The objective of FIR filters adaptation is to (asymptotically) bring
the values of one FIR filter coefficients (the adapting filter) to the
values of another FIR filter coefficients (the reference filter). The
adaptation mechanism is based on comparing the way the adapting filter
responds to an input stimulus with the way the reference filter
responds to the same stimulus, and changing the adapting filter's
coefficients so that its response resembles (as closely as possible)
the response of the reference filter (Fig.10).
The adaptation mechanisms depend on the type of filter that is being adapted, and on various characteristics of the input stimuli, i.e. it is not the same mathematical model that is used for all types of filters. This section describes an adaptation method used for FIR filters when the input stimulus is a random signal.
Fig.10: Adaptive FIR Block Diagram
The Adaptation Mechanism
Using the notations in Fig.10 (x is the input signal, q is the adapting filter's output, r is the reference filter's output, and e is the output error), and the results presented in the FIR filters section, the following set of formulae can be derived for the elements of the q, r, and e vectors:
r[n]=Sum(hr[k] x[n-k]), k in [-N/2, N/2-1]; where hr is
the reference filter's weights vector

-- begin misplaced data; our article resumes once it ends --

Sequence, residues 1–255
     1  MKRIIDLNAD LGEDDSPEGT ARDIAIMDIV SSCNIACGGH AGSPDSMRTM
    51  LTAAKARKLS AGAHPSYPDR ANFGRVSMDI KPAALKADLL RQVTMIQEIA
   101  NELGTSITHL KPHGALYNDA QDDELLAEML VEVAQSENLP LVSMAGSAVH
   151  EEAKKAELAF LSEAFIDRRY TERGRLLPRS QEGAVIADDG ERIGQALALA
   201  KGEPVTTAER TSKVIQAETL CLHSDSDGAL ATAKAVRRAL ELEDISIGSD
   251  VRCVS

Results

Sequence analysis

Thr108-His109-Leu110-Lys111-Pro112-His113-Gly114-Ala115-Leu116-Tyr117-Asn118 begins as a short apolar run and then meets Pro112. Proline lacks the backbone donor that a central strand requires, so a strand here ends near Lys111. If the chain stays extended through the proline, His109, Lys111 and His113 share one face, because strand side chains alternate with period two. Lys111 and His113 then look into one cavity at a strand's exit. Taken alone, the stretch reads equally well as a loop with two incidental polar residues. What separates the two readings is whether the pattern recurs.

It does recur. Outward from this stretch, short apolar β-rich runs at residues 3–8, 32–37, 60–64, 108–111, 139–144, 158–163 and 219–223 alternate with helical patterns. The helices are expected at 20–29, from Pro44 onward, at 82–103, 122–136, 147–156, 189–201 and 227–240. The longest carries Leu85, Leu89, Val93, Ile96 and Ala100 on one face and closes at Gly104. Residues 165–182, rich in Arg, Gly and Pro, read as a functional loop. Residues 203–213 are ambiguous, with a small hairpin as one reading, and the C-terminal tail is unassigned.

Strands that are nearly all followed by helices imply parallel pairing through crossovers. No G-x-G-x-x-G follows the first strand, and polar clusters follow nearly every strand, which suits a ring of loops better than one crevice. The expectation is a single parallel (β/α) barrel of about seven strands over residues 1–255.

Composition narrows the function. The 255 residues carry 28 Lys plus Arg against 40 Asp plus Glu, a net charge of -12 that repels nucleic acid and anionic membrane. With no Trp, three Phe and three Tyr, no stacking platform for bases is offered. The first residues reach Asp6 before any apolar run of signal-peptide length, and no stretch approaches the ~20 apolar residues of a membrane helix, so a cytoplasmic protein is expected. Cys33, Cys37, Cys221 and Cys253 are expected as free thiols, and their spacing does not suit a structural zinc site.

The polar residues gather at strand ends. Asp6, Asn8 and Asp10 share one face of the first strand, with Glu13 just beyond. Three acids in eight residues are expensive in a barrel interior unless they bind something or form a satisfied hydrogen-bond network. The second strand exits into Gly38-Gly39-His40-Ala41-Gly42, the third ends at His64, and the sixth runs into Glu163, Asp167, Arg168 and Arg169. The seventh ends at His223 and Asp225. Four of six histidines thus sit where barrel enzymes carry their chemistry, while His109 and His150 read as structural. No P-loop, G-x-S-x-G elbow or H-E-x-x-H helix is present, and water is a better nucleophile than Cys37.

q[n]=Sum(hq[k] x[n-k]), k in [-N/2, N/2-1]; where hq is the adapting filter's weights vector
The adaptation process will have to result in matching (as close as
possible) the values of hq with hr. As a measure of the adaptation
status, the distance between hr and hq (seen as vectors in an
N-dimensional vector space) will be considered; adapting hq to hr
will thus be equivalent to minimizing this distance.
The Weights Error Function will now be introduced:
Eh(n) = 1/N Sum((hr[k](n)-hq[k](n))^2), k in [-N/2, N/2-1]; here Eh(n) is the weights error function calculated at moment n, based on the hr(n) and hq(n) vectors' components at moment n.
However, the only available data about the adapting FIR internal
status is its response to the input signal; thus, in order to match the
q[n] response with r[n], an attempt will be made to minimize the output
A Response Error Function E() will now be introduced:
E(n) = 1/M Sum(e[n-m]^2), m in [0, M-1]; here E(n) is the response error function calculated at moment n, based on the e error vector's last M values.
By minimizing the sum of squares E(n), each of last individual error
values (i.e. e[m] with m in [n, n-M+1]) will also be minimized. Since
the e[m] components are the output error values q[m]- r[m], the last M
difference values (q[m] - r[m] with m in [n, n-M+1]) will be minimized.
e[n] = 0
Sum( (hq[k]-hr[k])x[n-k] ) = 0, k in [-N/2, N/2-1];
The above formula can be seen as a filtering operation of an impulse hq-hr with a filter having the frequency-domain characteristic FT(x) (see also the FFT/iFFT section). If FT(x) is non-null in the entire FT domain, the above condition results in having hq-hr = 0, i.e. hq[k]=hr[k] with k in [-N/2, N/2-1] (see the Remark at the end of this section).
The adaptation process will consist of updating each component h[k]